How Veterans Can Protect Against Financial Scams
By: Robert Mauterstock - February 15, 2019
Americans lost almost $1 billion to scam artists last year according to the FTC. And veterans lost almost twice as much as the general public. AARP research found that 16% of veterans lost money to scammers. Why did that happen?
Veterans will normally trust another person who contacts them and claims to be a veteran. In addition many veterans are suffering from PTSD, which makes them more vulnerable to the emotional manipulation used by scam artists.
What are the scam artists’ primary techniques when approaching veterans?
The VA loan scam. The caller offers to provide a VA loan at a much lower rate
Update your file scam. Someone claiming to be from a government agency reports that a veteran’s file needs to be updated to maintain benefits and requests detailed personal information.
Aid and attendance scam. Veterans are informed that they can qualify for an additional income benefit if they move their assets to an annuity or a living trust.
Special benefits scam. Scammers claim that the veteran can qualify for a special veteran’s benefit if they provide personal information and pay a fee.
Pension lump sum scam. Scammers offer veteran a lump sum if they sign over all future pension income.
What should veterans and their friends and family do when they are approached by one of these scam artists? The AARP and the U.S. Postal Inspection Service (USPIS) has set up a specific program to protect veterans. It is called Operation Protect Veterans. You should call 877-908-3360 or log on to AARP.org/fraudwatchnetwork to report the attempted scam.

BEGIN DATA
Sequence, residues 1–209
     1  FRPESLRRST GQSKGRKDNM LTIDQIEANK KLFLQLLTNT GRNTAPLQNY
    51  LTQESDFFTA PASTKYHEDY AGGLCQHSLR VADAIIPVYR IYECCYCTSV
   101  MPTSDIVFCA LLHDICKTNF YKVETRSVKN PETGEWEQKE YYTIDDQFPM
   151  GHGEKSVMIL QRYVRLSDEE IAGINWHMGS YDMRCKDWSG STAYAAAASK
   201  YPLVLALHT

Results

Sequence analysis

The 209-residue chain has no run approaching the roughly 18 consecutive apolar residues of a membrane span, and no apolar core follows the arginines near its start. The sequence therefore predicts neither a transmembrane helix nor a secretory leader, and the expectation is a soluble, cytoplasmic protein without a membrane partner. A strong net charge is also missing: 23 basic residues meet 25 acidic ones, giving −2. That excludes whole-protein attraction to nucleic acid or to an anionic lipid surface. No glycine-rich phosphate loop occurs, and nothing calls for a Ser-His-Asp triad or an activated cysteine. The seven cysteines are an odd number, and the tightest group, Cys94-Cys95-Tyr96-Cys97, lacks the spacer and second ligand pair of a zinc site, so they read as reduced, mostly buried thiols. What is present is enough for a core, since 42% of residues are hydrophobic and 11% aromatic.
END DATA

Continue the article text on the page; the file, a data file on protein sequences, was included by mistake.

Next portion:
There are other scams that veterans should be aware of that affect the general public. These are some of the most common.
- IRS tax scam. You are left a phone message from the IRS stating that you are under investigation and must contact a certain number immediately.
- Grandparent scam. You receive a call from someone claiming to be your grandson who will need to you to forward cash to get him out of jail
- Tech support scam. You receive a message or email stating that a virus has compromised your computer and you need to pay the sender to remove it.
- Medicare scam. Someone claiming to represent Medicare who wants to verify that the number you received is correct contacts you.
- Bank verification scam. You receive an email from your bank or financial institution on their letterhead indicating you must connect to a certain Intern link to confirm your personal information with them.
Do not ever provide personal information in response to any email request from your bank, financial institution or Credit Card Company. Contact them first to verify that the request is legitimate. Never send money via a wire from your bank to pay for any service or product. You will never be able to recover those funds once they are wired. Always use a credit card or PayPal type account to make payments. You can always cancel those payments if you discover they are fraudulent. Do not use a debit card to make payments.
Article source: Forbes.com